Identifying Tensions in the Development of Northern Australia

Implications for Governance

Anne Stephens, Elspeth Oppermann, Jim Turnour, Thomas Brewer, Christian O'Brien, Tom Rayner, Allan Dale, Gemma Blackwood

    Research output: Contribution to journalArticleResearchpeer-review

    Abstract

    Northern Australia has a population of 1.2 million people across nearly half the continental landmass. It is home to many diverse communities of people, including Aboriginal nations, descendants of European, Melanesian and Asian settlers and more recent arrivals. It is an area of globally significant natural beauty with unique ecologies. It also has strategic and economic importance to Australia. A contentious debate over the future of the region can be observed within three themes: Big development, big conservation and policies seeking Indigenous wellbeing. We argue that if the agendas associated with each of these themes and their associated agents are driven forward in isolation, the tensions between the three will compromise the health, wellbeing and economic coherence and vitality of the North. This paper presents an overview of the present governance landscape with a critique of the role of neoliberalism and neoliberal governmentality. It identifies some of the ways in which ‘other’ social values and ways of knowing are either marginalised or rendered invisible in these narratives of governance and development. In highlighting the tensions that result from these exclusions, we argue there is a need to both understand these dynamics, and move towards an explicit commitment to open, genuine dialogue, inclusive of the communities that reside in northern Australia.
    Original languageEnglish
    Article number5
    Pages (from-to)1-21
    Number of pages21
    JournalJournal of Economic and Social Policy
    Volume17
    Issue number1
    Publication statusPublished - 2015

    Fingerprint

    governance
    governmentality
    beauty
    neoliberalism
    compromise
    community
    ecology
    economics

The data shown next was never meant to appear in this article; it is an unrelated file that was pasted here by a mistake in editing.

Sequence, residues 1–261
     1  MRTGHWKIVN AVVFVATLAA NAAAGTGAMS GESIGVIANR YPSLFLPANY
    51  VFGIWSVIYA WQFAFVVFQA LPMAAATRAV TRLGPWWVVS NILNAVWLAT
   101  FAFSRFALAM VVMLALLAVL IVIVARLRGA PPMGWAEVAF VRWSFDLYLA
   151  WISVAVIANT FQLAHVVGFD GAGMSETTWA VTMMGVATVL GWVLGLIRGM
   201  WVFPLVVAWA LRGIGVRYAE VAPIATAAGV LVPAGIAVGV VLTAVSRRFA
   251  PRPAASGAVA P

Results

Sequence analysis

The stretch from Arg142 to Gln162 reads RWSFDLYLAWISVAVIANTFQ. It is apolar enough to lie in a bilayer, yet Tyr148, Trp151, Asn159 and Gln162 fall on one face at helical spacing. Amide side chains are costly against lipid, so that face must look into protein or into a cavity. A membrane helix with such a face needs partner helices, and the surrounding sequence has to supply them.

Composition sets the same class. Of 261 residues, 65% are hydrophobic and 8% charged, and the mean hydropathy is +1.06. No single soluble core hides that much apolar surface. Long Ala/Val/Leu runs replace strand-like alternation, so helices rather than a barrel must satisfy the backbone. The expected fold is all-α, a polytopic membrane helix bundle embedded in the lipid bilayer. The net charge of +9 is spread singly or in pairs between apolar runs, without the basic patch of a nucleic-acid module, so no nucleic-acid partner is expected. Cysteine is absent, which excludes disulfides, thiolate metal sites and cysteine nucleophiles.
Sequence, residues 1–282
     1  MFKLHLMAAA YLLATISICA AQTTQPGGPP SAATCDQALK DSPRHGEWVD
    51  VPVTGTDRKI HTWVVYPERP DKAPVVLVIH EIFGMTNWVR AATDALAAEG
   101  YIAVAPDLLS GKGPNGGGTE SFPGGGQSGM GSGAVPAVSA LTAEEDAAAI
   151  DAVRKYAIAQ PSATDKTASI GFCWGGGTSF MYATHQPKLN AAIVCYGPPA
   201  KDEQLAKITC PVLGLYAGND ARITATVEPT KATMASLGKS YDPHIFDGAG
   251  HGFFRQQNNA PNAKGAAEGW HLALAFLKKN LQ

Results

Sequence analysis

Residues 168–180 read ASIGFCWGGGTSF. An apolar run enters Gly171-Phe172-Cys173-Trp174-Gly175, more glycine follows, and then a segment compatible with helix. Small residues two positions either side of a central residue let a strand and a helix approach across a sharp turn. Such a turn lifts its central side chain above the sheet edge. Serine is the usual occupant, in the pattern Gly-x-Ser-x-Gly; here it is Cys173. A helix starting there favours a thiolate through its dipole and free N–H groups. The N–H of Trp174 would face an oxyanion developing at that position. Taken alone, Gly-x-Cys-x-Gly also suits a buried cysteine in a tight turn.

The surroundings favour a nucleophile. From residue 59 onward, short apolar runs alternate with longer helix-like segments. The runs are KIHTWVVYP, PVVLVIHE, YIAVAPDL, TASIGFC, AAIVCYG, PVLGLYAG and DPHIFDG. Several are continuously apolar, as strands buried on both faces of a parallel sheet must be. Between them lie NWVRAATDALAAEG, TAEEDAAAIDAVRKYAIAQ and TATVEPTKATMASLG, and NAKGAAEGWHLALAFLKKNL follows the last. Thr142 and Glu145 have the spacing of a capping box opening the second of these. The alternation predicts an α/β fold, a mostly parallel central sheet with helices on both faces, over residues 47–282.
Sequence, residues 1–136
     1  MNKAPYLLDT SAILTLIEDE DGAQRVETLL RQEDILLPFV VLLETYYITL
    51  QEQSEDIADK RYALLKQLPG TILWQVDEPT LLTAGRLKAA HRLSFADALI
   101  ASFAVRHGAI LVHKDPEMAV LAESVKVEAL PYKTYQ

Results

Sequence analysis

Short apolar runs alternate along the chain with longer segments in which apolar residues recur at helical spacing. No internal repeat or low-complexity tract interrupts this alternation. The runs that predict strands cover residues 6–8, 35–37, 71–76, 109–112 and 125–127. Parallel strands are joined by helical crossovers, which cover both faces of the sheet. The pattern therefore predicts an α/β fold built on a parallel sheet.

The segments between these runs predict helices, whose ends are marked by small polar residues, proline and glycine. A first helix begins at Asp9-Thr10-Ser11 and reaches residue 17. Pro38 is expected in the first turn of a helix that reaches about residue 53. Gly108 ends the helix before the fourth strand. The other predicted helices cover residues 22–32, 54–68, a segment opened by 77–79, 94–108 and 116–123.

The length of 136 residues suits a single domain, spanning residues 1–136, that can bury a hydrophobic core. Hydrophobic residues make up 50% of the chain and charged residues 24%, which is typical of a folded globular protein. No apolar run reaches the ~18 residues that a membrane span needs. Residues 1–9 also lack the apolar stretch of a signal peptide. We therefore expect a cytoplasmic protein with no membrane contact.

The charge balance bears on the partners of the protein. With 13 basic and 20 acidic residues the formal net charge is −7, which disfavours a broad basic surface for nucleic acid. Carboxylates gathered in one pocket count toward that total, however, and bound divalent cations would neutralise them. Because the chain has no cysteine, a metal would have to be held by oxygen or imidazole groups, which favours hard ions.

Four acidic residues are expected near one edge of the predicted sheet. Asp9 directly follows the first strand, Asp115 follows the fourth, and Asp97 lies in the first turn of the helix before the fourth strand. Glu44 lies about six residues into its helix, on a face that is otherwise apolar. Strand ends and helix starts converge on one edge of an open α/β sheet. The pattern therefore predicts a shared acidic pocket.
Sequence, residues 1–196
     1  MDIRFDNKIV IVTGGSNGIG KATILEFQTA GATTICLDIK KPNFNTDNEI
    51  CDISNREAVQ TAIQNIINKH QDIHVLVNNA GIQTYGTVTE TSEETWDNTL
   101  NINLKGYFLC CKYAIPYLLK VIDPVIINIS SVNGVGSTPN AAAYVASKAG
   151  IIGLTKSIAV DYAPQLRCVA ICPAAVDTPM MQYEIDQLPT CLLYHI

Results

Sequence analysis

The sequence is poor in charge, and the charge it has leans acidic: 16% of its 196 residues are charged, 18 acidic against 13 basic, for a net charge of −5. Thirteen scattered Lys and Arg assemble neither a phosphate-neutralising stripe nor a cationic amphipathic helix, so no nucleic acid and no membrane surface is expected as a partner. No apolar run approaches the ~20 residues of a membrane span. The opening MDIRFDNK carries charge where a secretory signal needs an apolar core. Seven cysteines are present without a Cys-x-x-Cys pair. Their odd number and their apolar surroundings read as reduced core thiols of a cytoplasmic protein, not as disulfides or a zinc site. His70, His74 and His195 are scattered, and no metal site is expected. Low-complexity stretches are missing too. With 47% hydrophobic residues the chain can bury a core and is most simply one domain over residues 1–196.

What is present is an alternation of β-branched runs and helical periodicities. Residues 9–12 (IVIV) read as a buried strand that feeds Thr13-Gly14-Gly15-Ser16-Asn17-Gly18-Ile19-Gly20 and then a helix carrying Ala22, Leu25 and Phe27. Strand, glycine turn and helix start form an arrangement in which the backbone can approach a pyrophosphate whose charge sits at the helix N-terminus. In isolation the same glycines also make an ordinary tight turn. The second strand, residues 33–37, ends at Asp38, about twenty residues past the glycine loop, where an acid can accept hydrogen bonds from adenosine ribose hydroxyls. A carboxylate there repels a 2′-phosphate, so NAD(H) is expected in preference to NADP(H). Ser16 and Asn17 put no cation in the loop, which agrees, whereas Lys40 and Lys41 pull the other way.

social isolation
    exclusion
    conservation
    dialogue
    commitment
    narrative
    present
    health
    Values
    coherence

    Cite this

    Stephens, A., Oppermann, E., Turnour, J., Brewer, T., O'Brien, C., Rayner, T., ... Blackwood, G. (2015). Identifying Tensions in the Development of Northern Australia: Implications for Governance. Journal of Economic and Social Policy, 17(1), 1-21. [5].
    Stephens, Anne ; Oppermann, Elspeth ; Turnour, Jim ; Brewer, Thomas ; O'Brien, Christian ; Rayner, Tom ; Dale, Allan ; Blackwood, Gemma. / Identifying Tensions in the Development of Northern Australia : Implications for Governance. In: Journal of Economic and Social Policy. 2015 ; Vol. 17, No. 1. pp. 1-21.
    @article{8286d712e85b40c1bc132d87b93b2430,
    title = "Identifying Tensions in the Development of Northern Australia: Implications for Governance",
    abstract = "Northern Australia has a population of 1.2 million people across nearly half the continental landmass. It is home to many diverse communities of people, including Aboriginal nations, descendants of European, Melanesian and Asian settlers and more recent arrivals. It is an area of globally significant natural beauty with unique ecologies. It also has strategic and economic importance to Australia. A contentious debate over the future of the region can be observed within three themes: Big development, big conservation and policies seeking Indigenous wellbeing. We argue that if the agendas associated with each of these themes and their associated agents are driven forward in isolation, the tensions between the three will compromise the health, wellbeing and economic coherence and vitality of the North. This paper presents an overview of the present governance landscape with a critique of the role of neoliberalism and neoliberal governmentality. It identifies some of the ways in which ‘other’ social values and ways of knowing are either marginalised or rendered invisible in these narratives of governance and development. In highlighting the tensions that result from these exclusions, we argue there is a need to both understand these dynamics, and move towards an explicit commitment to open, genuine dialogue, inclusive of the communities that reside in northern Australia.",
    author = "Anne Stephens and Elspeth Oppermann and Jim Turnour and Thomas Brewer and Christian O'Brien and Tom Rayner and Allan Dale and Gemma Blackwood",